Kent Folk

Kathy & Bob Drage

These 5 youngsters from Sheffield are very accomplished players (and dancers) with redhot timekeeping without the use of drums. There is a wealth of instruments - fiddle, viola, clarinet, Cittern guitars, bass and melodeons. The tracks are mostly self-composed but managing to sound very traditional. Theres a gorgeous Klezmer feel to some tracks esp. Furze Cat. Part of the ceilidh revival, theres enthusiasm, energy and charisma in their music. Their belief being that if music isnt good to listen to, why would anyone want to dance to it. It is vibrant listening guaranteed to dispel any gloom. Weve never heard Young Collins like this. The love and enjoyment in their music-making is communicated to their audience - listeners and dancers alike.    

Folk Northwest

Pete Fyfe

Good god - I thought I'd just stumbled upon a long lost recording by the now sadly defunct Pyewackett! But no, this is the English dance band Hekety and make no mistake, they are �English�. Having come up through the Celtic culture (although I'm not quite sure why, maybe it's got something to do with my genes?) I therefore expect my music with something of a 'snap' to it. Unfortunately I find a majority of English dance bands too pedestrian for their own good. But there's none of that here I'm pleased to report. The quintet appear to be having a gas with plenty of swing and punch whilst running through a gamut of styles � a reggae 'Rambling Sailor' anyone? Although I must admit that I'm not sure about the at times over busy bass lines (possibly to make up for the lack of drums?) all of the tunes are ideal for the purpose with which they have set out to achieve � mainly to make everyone get up off their backsides and dance. With plenty of counter melodies and harmonies the combination of melodeon, fiddle and clarinet is quite startling in a positive way. I can honestly say that my dancing feet haven't stopped since I put the recording on and anyone who has seen me dance (!) would say that Hekety have achieved the impossible.  

Shreds and Patches

Baz Parkes

The first full length offering from Sheffields finest, and well worth waiting for. For those who dont know them, Hekety is a five?piece drumless dance band featuring melodeons, fiddle, viola, cittern, guitars, basses, and clarinet, all of which are featured to full effect on this CD.

A fine mix of self?penned and traditional tunes, Furze Cat is a good representation of what youll hear at a Hekety gig. After the initial stately opener Downhill Dream, were into familiar stomping territory with Rice/ The Man Tiger. All the band are dancers, be it ritual or social, and it dont half show on their version of Rambling Sailor. Other favourite tracks are Gavins Thank You Letter, which had me scouring the sleeve notes for any mention of a hurdy?gurdy. Failing to find one, I finally worked out it was a combination of melodeon bass end, viola (I think!) and cittern. Jakes J~g comes from the playing of Little Johnny England, but Im tempted to say that Hekety have made it their own. The CD finishes with another morris tune, Young Collins that eases nicely into the Playford standard Jamaica. Standard it aint lI A lovely end to the CD.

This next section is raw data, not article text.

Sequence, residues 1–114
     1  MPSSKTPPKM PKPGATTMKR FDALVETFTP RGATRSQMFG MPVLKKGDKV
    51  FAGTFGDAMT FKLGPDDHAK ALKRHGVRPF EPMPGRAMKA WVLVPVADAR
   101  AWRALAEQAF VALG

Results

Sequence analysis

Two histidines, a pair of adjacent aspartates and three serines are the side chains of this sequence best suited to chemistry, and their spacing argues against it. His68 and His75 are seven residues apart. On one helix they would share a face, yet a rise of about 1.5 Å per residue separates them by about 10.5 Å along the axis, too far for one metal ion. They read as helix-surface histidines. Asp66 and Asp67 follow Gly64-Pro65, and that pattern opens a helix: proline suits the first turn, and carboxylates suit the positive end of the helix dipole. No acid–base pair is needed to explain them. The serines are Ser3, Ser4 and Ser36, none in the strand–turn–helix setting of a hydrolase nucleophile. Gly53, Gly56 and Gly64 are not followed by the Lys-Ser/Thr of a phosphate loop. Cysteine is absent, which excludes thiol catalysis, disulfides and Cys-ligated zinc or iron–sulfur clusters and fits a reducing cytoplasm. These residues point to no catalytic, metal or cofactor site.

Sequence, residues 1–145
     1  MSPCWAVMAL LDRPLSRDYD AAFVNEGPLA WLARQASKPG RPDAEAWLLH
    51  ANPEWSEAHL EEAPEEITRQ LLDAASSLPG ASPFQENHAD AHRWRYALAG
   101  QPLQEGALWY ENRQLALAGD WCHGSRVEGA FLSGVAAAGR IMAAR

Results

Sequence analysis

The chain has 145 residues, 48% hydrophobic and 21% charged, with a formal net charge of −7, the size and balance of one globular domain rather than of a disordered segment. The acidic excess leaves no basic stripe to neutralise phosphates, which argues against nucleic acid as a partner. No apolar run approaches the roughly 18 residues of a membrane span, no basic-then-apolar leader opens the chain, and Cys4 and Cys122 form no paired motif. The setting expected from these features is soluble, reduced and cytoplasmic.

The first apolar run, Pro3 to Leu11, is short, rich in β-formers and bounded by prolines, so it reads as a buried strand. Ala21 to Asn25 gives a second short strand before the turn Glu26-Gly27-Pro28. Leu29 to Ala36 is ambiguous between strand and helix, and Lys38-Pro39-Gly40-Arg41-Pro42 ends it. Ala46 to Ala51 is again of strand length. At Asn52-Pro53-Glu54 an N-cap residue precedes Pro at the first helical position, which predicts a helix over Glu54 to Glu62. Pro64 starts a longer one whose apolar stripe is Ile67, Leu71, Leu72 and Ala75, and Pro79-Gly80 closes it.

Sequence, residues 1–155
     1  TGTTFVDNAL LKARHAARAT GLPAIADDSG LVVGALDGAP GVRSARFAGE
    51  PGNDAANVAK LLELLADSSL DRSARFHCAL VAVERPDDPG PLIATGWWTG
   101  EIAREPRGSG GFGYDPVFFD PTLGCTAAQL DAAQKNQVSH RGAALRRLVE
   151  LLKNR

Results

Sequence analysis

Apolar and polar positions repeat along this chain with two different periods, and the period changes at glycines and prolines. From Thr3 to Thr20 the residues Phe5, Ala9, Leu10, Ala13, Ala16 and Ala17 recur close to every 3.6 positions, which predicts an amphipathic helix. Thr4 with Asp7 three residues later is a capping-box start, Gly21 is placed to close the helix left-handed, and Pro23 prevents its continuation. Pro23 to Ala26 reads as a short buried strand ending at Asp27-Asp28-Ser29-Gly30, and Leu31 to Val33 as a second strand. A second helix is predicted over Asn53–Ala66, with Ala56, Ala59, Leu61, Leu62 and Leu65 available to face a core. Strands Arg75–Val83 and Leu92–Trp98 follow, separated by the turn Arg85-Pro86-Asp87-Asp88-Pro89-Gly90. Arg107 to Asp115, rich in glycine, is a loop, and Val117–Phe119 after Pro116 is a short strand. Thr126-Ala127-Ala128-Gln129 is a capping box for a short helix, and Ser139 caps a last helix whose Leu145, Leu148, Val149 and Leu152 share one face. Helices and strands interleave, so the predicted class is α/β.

Playing throughout is exemplary, as any whove danced to Hekety or been lucky enough to share a pub session with them will vouch.

Just one minor carp; the accompanying booklet is suitably grainy and industrial in appearance, but the first two pages are virtually impossible to read, at least by these tired old eyes. This is a pity, as Gordon Potts sleeve notes (do we still call them sleeve notes?) tell you all you need to know about the band. Excellent as this recording may be, its still a poor substitute for seeing the band live, catch them if you can. (Gav, Rich and Jess, along with Gavs wife Helena, also perform as Crucible, who play equally splendid tunes mixed with some outstanding singing)

Oh, and I bet my old mates jockey Mens Morris of Birmingham never thought theyd get a mention on one of the must have CDs of 2004?

Whats Afoot

Collin Andrews

Now heres a band of young musicians who are very much in the limelight in the modem folk scene, with Sidmouth Festival and Great Western Ceilidh appearances under their belt in this part of the world. Hailing, now, from Sheffield, three of the band (Richard & Jess Arrowsmith and Gavin Davenport) also perform with the song group, Crucible (reviewed in an earlier W.A.) and have been brought up in a folk music environment.

Their music is not quite so way out or experimental as some other bands doing the ceilidh scene, and to my mind they have achieved a delicate balance between their own contemporary compositions, such as Downhill Dream and Watergoat March (the sleeve notes give an amusing account of the naming of the latter) and traditional sounding offerings ? though the Oddington version of Young Collins is one of the very few actual traditional tunes. The five? piece line up is used very effectively, the bass and guitar/cittern giving the driving rhythm, and the melodeon, clarinet and fiddle/viola intertwining melody and harmonies. By the way, Furze Cat, the title tune, is another name for the hare, an animal associated with the goddess Hecate. As they say on their notes, Hekety are a dance band, but also aim to make music worth listening to. They succeed on both counts.